Boyce-Codd Normal Form (BCNF)

It's a more robust version of the 3NF. A BCNF table should comply with all 3NF rules and have no multiple overlapping candidate keys.

Fourth Normal Form (4NF)

The database is considered a 4NF if any of its instances contain two or more independent and multivalued data entries.

Fifth Normal Form (5NF)

A table falls into the fifth Normal Form if it complies with 4NF requirements, and it can't be split into smaller tables without losing data.

Sixth Normal Form (6NF)

The sixth Normal Form is intended to decompose relation variables into irreducible components. It might be important when dealing with temporal variables or other interval data.

That's all for database normalization 101. Now that you know how everything works, you can better understand the benefits that data normalization brings to your insights.

Why is it important to normalize data?

As we've already mentioned, data normalization's major goal and benefit is to reduce data redundancy and inconsistencies in databases. The less duplication you have, the fewer errors and issues that can occur during data retrieval.

However, there are less obvious benefits that assist data analysts in their workflow.

Data mapping is no longer a time suck

If you've ever had to deal with unnormalized data, you know that the process of mapping data from multiple tables into one is pretty tedious.

It requires joining multiple tables, dealing with duplicates, and cleaning many empty data entries.

Of course, you can normalize data manually by writing SQL queries or Python scripts. However, data mapping tools with automated data normalization capabilities will speed up the process.

For example, Oracle Integration Cloud offers data mapping functionalities. After normalizing data in the cloud, the tool then builds metadata for source schemas and creates a one-to-one record for every data object in the target schema.

Analysts working with marketing insights have their own hidden gems. Improvado's MCDM (Marketing Common Data Model) is a Swiss army knife for marketing and sales data normalization. The tool unifies disparate naming conventions, normalizes your insights, and bridges the gap between data sources and your destination with no manual actions required.

🗺️ Find the right data mapping tools for your needs with our extensive list 🗺️

Use data storage more efficiently

With each passing day, companies collect more and more data that take up storage space. Whether you use cloud storage or an on-premises data warehouse, you have to use it effectively.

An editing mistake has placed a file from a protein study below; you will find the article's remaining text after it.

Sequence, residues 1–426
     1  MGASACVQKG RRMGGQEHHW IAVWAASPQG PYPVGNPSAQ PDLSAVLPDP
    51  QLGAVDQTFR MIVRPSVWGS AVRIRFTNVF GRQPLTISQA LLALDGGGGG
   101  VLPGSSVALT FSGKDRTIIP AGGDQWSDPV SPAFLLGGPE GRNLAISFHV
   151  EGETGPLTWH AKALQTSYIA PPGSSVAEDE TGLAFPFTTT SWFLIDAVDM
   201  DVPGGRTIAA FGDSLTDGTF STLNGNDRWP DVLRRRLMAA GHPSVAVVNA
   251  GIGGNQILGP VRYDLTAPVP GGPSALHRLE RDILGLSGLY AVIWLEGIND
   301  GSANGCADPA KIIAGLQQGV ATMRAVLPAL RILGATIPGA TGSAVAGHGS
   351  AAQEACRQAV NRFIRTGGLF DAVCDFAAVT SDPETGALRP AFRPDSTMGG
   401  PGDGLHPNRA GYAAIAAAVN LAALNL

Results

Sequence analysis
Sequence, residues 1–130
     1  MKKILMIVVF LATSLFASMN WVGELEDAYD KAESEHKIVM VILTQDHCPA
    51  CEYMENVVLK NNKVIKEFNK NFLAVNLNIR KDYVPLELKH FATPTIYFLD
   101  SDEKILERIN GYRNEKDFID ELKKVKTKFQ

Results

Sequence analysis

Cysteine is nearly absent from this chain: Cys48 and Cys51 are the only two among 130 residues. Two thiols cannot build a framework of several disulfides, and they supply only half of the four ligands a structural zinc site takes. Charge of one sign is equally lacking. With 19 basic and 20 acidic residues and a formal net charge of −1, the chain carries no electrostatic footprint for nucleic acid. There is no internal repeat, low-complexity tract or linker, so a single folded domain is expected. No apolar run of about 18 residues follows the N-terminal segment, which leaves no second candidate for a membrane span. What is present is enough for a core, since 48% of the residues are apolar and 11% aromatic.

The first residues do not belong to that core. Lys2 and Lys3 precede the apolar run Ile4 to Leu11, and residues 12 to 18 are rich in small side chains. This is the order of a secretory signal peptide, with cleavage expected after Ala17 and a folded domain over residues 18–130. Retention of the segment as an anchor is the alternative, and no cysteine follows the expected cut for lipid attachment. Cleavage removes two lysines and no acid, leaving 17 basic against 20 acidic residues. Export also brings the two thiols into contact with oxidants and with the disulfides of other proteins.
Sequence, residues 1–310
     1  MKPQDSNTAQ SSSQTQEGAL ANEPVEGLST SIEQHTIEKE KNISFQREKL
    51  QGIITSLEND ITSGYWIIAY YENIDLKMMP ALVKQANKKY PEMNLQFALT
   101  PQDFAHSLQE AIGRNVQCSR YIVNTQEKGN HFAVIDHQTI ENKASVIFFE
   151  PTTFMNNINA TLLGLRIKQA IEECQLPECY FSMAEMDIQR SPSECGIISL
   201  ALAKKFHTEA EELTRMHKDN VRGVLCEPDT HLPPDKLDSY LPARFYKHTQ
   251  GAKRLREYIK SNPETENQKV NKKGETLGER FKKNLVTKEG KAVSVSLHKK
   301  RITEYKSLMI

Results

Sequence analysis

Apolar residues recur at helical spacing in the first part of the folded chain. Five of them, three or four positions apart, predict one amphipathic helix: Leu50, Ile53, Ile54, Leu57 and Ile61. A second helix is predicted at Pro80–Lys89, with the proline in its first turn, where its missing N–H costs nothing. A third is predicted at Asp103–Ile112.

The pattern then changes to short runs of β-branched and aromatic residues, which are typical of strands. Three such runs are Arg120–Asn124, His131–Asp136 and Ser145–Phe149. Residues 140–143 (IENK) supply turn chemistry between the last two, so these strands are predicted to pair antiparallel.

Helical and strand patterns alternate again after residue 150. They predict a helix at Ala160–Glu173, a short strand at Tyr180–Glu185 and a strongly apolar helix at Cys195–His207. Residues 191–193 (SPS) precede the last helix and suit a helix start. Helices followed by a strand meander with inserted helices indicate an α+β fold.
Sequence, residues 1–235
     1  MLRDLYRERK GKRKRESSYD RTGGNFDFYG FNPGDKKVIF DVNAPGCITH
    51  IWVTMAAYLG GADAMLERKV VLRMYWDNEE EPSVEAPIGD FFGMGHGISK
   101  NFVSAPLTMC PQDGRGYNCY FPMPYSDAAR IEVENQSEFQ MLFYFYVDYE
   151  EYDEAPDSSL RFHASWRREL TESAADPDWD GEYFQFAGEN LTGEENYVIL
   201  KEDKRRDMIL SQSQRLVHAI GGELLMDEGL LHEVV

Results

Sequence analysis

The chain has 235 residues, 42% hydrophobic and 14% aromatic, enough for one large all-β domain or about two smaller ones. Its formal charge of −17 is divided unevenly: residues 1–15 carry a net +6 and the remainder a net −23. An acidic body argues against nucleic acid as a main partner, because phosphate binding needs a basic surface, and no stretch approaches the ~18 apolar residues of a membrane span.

For example, 100 TB of data stored in AWS S3 will cost you $2,580 per month. What's more, Amazon will charge you for every query you perform on your data. Tens of gigabytes of redundant data will not only increase your invoice for storage services but also cause you to pay for the analysis of meaningless insights.

Amazon S3 monthly price

Scaling on-premises data warehouses is also expensive, so clearing out unnecessary information can help you reduce operational costs and TCO (Total Cost of Ownership).

Reduce your time-to-insights

Apart from cost reduction, analysts can also boost their analysis productivity.

Executing queries on terabytes of data takes time. While your system processes the query, you can feel free to drink a cup of coffee and discuss politics with your colleagues. But it's a pity when the query output is pointless because you had some inconsistencies in your data set.

With normalized data, you always get the expected output, but without surprises such as "N/A", "NaN", "NULL", etc. Moreover, the system carries out your queries faster when you parse only the relevant data. Who knows, maybe next time you'll get the output before your coffee machine makes your cappuccino!

Build dashboards that you can trust

Data visualization is the best way to build a comprehensive picture of your analysis efforts. However, dashboards lack value if you build them upon harsh data. The dashboard won't reflect the true state of affairs if you feed it duplicates.

That's why data normalization is a top priority if you want to explain complex concepts or performance indicators through the prism of colorful charts and bars.

How to normalize data in different environments

Since data analysts work with different tools, we will explain how to normalize data in the most in-demand environments in today's market.

How to normalize data in Python

Data scientists and analysts working with Python use several libraries to manipulate data and tidy it up. Here are the most popular among them:

We'll review some of the functionalities of these libraries that might help you speed up your data normalization process.

Dropping columns in your data set